The high today in Yuma, Ariz., will reach 114 degrees.
It’ll be 95 by 9 a.m.
It isn’t expected to get a whole lot better when the Arizona Western College football team begins arriving for summer workouts on Monday.
The average daytime high for Yuma in July is 107.
Brent Burnett wouldn’t have it any other way.
“I’m really excited to get out there and get started,” the former Maryville High School quarterback said.
Burnett and former Rebel teammates Aaron Douglas and Tyler Clendenen are heading west to restart their college football careers. The Matadors are getting three players who know a lot about winning in the process.
After finishing the Maryville careers an unbeaten 60-0 after four seasons, Clendenen, Douglas and Burnett first went their separate ways for college. Burnett, a Mr. Football-winning quarterback his senior season in 2007, signed with Middle Tennessee State University out of high school. Douglas, a two-time Mr. Football tight end as Rebel, followed his father, David, and mother, Karla, to the University of Tennessee.
Clendenen, Burnett’s favorite receiving target at Maryville, packed his speedy cleats and set off for Tusculum College.
Each redshirted their first year at their respective schools. The extra time to heal from a high school shoulder injury helped Douglas earn freshman All-American honors as a Vol.
None of them were happy, though. Coaching changes at each of their schools played a part.
“We were all unhappy with our situation for different reasons,” Douglas said.
Douglas was about to start his third head coach in two seasons with the hire of new Vol coach Derek Dooley in January. Off-the-field troubles, battling depression among them, were also taking their toll. Burnett, who’d shown well in last season’s New Orleans Bowl, completing one of his two touchdown passes on the year, was in no mood for his third offensive coordinator with the Blue Raiders in two seasons.
“I knew I was going to transfer before the semester ended at Middle,” Burnett said.
Clendenen, Douglas and Burnett said they each weighed their options, but following Burnett’s lead quickly emerged as the way to go. When the record-setting Rebel passer decided to visit Arizona Western, Clendenen and Douglas tagged along.
“I wasn’t really considering the juco route at first,” Douglas said. “By the end of the trip, we were pretty solid about going out there.”
Leaving the schools they’d signed with for Arizona Western was tough on all three, but Douglas’ decision to leave the Vols was especially tough.
David Douglas had played right tackle on Tennessee’s 1986 Sugar Bowl-winning team. Aaron would move from tight end to tackle under one-year head coach Lane Kiffin last season, going on to earn freshman All-American honors. He would wear his father’s No. 78 as well.
Adding more to the legacy equation, Karla Horton Douglas had been member of Pat Summitt’s first national championship team at Tennessee.
When a combination of factors led to the realization it just wasn’t going to work for him at Tennessee, Aaron informed Dooley before spring practice he was leaving the program. The backlash from Tennessee fans was often scathing.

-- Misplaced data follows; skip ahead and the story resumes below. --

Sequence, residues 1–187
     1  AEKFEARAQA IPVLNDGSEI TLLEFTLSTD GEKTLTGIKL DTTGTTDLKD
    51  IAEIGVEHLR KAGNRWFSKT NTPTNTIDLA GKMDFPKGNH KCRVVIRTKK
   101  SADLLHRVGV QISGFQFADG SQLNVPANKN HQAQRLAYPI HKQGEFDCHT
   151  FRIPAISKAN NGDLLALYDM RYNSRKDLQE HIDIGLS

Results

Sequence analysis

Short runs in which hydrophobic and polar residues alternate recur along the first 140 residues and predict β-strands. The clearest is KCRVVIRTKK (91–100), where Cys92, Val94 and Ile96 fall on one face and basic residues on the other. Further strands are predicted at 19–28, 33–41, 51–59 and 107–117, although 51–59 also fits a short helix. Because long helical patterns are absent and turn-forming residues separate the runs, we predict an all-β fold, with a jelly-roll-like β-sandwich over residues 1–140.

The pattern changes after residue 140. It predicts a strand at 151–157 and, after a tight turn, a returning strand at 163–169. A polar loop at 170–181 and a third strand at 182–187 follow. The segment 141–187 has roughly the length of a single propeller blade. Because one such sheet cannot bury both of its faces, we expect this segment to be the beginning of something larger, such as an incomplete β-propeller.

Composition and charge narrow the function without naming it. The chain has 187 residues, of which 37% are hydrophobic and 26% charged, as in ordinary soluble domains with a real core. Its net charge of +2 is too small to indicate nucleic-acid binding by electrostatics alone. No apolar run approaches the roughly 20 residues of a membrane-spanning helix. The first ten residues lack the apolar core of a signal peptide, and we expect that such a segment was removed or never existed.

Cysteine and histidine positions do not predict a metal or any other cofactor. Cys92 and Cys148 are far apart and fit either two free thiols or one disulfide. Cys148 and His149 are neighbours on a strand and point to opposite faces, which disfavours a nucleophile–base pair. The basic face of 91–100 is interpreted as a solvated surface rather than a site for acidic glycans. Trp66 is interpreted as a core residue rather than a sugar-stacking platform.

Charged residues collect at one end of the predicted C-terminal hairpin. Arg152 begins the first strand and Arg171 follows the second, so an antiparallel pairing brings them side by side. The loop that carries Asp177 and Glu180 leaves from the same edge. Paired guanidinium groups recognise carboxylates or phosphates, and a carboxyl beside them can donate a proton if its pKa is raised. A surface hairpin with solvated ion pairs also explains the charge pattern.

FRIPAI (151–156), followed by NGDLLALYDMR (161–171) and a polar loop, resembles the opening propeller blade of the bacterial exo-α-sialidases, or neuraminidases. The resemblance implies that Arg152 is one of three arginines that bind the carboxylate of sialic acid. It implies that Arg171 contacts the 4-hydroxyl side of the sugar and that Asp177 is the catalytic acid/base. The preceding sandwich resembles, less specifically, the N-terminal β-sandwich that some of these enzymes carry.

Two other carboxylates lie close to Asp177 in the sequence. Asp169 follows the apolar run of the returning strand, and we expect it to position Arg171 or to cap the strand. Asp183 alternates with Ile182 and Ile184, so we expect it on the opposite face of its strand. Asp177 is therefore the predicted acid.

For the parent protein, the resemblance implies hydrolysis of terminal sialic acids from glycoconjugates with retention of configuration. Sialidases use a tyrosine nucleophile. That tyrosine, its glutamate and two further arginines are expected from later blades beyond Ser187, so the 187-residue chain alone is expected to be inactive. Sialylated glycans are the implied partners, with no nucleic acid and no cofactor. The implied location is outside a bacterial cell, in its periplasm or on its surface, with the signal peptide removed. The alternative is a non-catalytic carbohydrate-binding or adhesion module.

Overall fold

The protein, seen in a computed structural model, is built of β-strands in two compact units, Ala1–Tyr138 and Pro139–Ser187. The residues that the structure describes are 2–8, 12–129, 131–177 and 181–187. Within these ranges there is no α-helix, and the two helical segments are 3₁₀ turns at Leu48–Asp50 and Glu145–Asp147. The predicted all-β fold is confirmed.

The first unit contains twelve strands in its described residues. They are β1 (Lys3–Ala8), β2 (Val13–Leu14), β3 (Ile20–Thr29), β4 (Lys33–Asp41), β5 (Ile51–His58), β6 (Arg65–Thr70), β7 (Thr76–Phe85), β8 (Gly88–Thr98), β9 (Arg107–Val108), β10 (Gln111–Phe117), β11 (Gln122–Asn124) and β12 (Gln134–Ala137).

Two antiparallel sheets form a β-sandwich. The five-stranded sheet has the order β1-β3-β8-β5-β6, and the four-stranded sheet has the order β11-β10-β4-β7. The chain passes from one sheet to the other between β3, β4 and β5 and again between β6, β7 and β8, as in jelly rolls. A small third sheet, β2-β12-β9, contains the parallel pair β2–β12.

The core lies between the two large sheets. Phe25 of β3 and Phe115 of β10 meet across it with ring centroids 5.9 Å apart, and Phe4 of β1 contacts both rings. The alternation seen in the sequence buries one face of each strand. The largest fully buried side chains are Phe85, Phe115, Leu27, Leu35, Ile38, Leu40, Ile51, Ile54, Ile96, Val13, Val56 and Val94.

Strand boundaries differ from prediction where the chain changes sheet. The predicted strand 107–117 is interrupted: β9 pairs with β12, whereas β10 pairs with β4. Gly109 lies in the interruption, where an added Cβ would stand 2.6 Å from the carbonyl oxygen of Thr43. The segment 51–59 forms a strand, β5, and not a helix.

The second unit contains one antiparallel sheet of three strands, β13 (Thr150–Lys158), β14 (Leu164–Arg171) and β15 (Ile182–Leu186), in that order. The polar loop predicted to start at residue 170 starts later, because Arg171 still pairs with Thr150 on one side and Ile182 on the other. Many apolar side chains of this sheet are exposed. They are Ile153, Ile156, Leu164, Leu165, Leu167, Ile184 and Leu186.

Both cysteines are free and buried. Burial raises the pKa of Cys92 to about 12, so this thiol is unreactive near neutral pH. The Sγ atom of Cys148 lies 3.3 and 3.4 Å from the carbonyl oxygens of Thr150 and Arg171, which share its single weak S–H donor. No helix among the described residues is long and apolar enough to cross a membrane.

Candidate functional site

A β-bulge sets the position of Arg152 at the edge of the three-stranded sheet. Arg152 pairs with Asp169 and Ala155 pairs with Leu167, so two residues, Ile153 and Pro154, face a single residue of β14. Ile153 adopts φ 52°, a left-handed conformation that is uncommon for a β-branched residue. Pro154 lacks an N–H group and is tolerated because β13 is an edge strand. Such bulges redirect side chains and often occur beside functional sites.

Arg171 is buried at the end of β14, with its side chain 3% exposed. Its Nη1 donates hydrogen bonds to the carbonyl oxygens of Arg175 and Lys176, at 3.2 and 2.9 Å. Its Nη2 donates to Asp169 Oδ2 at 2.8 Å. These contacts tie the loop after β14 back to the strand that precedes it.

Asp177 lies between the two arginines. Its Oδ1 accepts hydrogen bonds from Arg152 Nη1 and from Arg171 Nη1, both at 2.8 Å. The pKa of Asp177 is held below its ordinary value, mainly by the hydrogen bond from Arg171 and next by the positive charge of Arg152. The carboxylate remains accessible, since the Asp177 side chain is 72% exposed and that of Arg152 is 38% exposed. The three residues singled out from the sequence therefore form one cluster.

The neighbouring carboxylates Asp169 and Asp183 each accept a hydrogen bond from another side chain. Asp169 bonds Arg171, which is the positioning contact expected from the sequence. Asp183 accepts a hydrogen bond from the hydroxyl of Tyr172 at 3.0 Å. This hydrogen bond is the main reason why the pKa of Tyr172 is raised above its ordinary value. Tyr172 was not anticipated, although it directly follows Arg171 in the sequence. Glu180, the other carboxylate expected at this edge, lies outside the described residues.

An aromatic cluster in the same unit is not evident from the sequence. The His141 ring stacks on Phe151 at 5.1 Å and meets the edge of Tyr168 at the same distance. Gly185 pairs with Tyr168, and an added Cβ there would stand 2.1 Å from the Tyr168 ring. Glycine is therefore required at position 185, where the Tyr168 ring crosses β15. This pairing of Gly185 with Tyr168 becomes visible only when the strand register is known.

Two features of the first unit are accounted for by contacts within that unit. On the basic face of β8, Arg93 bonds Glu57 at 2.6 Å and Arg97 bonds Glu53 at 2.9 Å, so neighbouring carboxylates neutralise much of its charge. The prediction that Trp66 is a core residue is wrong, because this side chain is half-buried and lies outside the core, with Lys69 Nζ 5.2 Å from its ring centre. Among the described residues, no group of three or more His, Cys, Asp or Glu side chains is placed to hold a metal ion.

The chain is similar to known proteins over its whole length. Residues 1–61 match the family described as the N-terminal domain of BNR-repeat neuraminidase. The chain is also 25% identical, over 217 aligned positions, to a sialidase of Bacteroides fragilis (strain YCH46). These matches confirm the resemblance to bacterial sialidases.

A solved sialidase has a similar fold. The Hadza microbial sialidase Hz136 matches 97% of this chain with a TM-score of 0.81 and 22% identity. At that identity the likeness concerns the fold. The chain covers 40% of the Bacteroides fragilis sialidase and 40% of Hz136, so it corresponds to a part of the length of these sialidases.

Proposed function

“I bleed orange,” Douglas said. “I’m always going to love Tennessee. You can’t take that year away from me that I had at Tennessee, but, with everything going on over there, this is in my heart. I felt this was the best decision for me.”
It took a while to get going again, he said. Keith Harris, a family friend and owner of Dynabody Fitness in Maryville, hired Douglas for the summer to get the ball rolling. Burnett, Clendenen and Douglas have trained at Dynabody the last three months. After dropping to 245 pounds during the spring, Douglas has muscled back up to 275.
One the nation’s top recruits his senior year at Maryville, Douglas could easily have left Tennessee for another Division I program. Rather than sit a year after transferring, he said he felt it important to get back on the playing field as fast possible.
“I’ll think I’ll benefit more by just playing games,” Douglas said. “It’s a heartfelt decision, and I’m rolling with it.”
A fresh start in Arizona could pay off in more ways than one.
“They told me I’ll be running tackle and tight end drills,” Douglas said, “so I’ll probably have two jerseys.”
The number on the jersey had a lot to do with Clendenen joining Burnett and Douglas in Yuma.
Burnett first sent the Arizona Western staff footage of his days at Maryville. After looking it over, and advising Burnett they liked what they saw, Burnett said the Western staff next asked: “’Who’s No. 11?’”
Clendenen said he’d talked to Tusculum coaches about playing time this spring. By then, though, like Burnett, he’d already made up his mind to leave.
“I was supposed to be in the rotation (this fall),” he said, “and I guess I didn’t want to take the chance.”
Clendenen said he looked at his options when the decision was made to leave Tusculum, but there really was no choice at all. He’d flourished his senior year at Maryville running under Burnett’s passes. The chance to do so again was not to be missed.
“I was going to go out there myself if they didn’t go,” Clendenen said. “I want to go to Division I.”
The Matadors can sure help in that regard.
Arizona Western was 9-2 a year ago and seventh in the National Junior College Athletic Association poll. The Matadors saw four players earn junior college All-American honors, including national rushing champion Reggie Bullock. Thirty-one Arizona Western players have gone on to play for four-year schools since 2007. A total of 79 Matadors have made the leap to NCAA Division I schools since the turn of the millennium.
Still, tickling 100 by 9 a.m.?
Could be worse. One of the 11 teams on the Madators’ 2010 schedule - Scottsdale Community College - has one of the unique nicknames in all of sports. Scottsdale prides itself on being home to the Fighting Artichokes.
Must be the heat.